*Austerity is the opposite of Prosperity*

    by josmndsn on Fri Nov 02, 2012 at 09:33:42 AM PDT

  •  They've been agreeing on it since 2009 (2+ / 0-)
    Recommended by:
    Paul Schaafsma, Thornrose

    Hasn't stopped the Republican narrative from winning over the low-information voter.  Just say the word "debt" and it may as well be raining frogs while sandwich-boarded prophets of doom stand on street corners ardently foretelling the end times.

    Until someone can come up with a 30-60 second primer in macroeconomics at an 8th grade level and get it aired during the evening news 15 times per broadcast for 18 months, this is going to be an ongoing fight.  Because apparently that's the only way any message is ever absorbed by the public.

    I'll believe corporations are people when one comes home from Afghanistan in a body bag.

    by mojo11 on Fri Nov 02, 2012 at 09:41:11 AM PDT

    •  How to make the case so public can understand (1+ / 0-)
      Recommended by:
      RandomNonviolence

      I think its very doable.

      When people have no money, they cannot spend.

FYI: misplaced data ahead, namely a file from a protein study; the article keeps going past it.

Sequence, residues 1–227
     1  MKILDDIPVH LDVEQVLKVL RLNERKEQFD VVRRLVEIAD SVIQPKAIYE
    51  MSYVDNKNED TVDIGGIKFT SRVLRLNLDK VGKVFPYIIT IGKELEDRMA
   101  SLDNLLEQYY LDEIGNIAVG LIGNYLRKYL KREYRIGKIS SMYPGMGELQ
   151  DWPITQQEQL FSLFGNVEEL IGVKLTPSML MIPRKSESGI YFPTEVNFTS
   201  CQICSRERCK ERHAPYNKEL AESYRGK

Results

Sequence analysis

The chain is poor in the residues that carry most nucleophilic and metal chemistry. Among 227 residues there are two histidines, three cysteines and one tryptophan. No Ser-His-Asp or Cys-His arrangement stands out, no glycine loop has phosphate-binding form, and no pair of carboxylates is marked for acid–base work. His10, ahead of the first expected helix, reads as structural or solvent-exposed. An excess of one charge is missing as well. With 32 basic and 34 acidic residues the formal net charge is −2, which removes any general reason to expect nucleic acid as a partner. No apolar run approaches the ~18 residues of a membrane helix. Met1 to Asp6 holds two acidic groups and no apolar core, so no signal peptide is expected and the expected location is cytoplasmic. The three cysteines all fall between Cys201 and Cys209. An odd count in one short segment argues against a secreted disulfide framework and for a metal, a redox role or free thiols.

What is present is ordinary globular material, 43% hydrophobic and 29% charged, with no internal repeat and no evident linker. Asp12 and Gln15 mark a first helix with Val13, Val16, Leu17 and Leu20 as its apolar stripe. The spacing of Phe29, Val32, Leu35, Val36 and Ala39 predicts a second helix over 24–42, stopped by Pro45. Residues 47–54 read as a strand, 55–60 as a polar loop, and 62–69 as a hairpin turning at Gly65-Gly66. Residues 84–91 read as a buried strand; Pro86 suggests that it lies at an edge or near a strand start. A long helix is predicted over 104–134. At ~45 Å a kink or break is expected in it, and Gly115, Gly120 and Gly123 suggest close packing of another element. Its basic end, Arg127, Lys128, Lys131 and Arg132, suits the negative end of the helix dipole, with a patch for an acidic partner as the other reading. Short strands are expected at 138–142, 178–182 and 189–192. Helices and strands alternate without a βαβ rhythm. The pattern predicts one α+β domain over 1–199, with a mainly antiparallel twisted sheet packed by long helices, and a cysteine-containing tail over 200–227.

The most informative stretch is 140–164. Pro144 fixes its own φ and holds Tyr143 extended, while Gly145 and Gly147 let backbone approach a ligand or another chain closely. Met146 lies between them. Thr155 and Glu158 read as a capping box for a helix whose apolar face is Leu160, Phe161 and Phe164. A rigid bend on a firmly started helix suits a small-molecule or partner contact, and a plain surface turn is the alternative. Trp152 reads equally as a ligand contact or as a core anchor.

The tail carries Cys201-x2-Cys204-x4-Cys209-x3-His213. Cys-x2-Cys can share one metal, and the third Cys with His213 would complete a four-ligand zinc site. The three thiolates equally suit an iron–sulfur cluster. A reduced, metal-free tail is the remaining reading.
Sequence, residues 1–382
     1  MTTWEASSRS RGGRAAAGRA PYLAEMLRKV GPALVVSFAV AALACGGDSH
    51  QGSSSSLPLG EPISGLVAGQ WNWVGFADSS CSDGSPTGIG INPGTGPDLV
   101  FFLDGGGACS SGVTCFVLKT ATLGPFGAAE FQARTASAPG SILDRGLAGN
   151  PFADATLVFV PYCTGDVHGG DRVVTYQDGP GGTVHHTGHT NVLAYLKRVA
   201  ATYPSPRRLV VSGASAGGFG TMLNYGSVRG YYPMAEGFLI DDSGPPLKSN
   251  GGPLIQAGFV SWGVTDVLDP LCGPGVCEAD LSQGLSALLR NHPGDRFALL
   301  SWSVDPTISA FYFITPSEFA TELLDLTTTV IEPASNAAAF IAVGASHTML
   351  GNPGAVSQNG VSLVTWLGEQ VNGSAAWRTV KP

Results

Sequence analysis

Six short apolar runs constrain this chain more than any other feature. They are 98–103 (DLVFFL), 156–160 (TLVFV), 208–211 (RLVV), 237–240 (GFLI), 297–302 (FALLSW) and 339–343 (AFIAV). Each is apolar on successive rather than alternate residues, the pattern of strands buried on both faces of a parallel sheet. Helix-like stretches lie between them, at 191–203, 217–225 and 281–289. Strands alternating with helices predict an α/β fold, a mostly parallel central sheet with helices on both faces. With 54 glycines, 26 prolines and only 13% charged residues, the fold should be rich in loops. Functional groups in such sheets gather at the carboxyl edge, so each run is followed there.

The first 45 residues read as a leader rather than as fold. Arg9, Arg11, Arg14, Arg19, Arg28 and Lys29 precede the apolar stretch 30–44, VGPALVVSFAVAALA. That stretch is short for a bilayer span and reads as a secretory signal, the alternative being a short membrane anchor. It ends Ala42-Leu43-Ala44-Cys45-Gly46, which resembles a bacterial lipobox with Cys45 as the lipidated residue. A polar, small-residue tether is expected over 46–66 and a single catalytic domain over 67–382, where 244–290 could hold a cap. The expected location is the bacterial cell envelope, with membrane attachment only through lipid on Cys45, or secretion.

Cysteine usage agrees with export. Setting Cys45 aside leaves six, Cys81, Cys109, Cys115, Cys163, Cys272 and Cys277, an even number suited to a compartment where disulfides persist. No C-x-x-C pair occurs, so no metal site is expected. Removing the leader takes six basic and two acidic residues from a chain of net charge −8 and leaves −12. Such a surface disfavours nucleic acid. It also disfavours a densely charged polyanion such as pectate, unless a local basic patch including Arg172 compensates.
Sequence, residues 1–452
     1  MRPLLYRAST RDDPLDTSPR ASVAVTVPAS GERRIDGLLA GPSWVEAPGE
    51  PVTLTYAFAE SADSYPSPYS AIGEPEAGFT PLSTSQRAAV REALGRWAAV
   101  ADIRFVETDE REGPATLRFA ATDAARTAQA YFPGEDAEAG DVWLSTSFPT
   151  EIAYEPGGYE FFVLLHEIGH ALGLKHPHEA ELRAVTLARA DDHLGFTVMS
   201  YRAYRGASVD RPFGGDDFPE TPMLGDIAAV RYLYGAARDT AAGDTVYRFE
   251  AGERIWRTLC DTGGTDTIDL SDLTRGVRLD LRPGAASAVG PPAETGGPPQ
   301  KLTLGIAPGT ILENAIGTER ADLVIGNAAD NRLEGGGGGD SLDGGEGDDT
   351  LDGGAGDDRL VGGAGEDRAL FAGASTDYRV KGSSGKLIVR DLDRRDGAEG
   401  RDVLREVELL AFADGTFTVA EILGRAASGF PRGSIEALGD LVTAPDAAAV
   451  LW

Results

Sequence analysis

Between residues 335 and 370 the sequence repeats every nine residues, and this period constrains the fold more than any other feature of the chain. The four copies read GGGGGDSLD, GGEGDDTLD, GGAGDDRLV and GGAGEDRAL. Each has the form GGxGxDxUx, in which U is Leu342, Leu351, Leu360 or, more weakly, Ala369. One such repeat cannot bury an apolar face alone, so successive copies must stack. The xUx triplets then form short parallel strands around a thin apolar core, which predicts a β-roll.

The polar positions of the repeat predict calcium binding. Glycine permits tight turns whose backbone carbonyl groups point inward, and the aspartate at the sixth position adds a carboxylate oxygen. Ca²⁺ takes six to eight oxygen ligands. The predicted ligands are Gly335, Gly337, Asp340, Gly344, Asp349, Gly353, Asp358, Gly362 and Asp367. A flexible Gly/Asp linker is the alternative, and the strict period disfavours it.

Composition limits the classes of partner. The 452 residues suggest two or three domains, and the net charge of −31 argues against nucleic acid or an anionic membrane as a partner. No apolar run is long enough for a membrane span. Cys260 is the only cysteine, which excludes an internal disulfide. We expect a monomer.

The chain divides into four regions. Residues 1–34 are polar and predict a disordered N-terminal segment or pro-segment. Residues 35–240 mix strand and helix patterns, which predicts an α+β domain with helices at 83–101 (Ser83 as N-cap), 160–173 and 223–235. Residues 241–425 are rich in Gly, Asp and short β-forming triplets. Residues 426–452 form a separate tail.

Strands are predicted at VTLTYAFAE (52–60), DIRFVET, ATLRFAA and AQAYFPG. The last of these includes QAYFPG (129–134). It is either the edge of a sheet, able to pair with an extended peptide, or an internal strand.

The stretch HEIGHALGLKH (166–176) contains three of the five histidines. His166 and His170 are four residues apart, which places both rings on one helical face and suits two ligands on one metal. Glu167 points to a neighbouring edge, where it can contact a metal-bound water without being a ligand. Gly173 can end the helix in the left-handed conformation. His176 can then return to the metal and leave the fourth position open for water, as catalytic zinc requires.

Everybody says this is the problem, in a nutshell, and its very intuitive.

      Romney's 'job creators,' small business people, say what's stopping them from hiring is low demand.

      So do business economists.

       We can raise demand right now by following 2 simple steps:

      Passing the Jobs Act, for 2-3 million more jobs.

      Helping state and local governments get back and hire new teachers, firefighters, first responders, police, to keep public spending growing at the same rate as it did under Bush, and make America a more secure and prosperous place.

      People would get that.

      Unemployment would be at or below 5.4% with these investments, even before adding in the big infrastructure program America needs.

      A very effective way to communicate is storytelling. We should be telling the story of America after WWII, with deficits 3 times the size of today's (as a percent of the economy).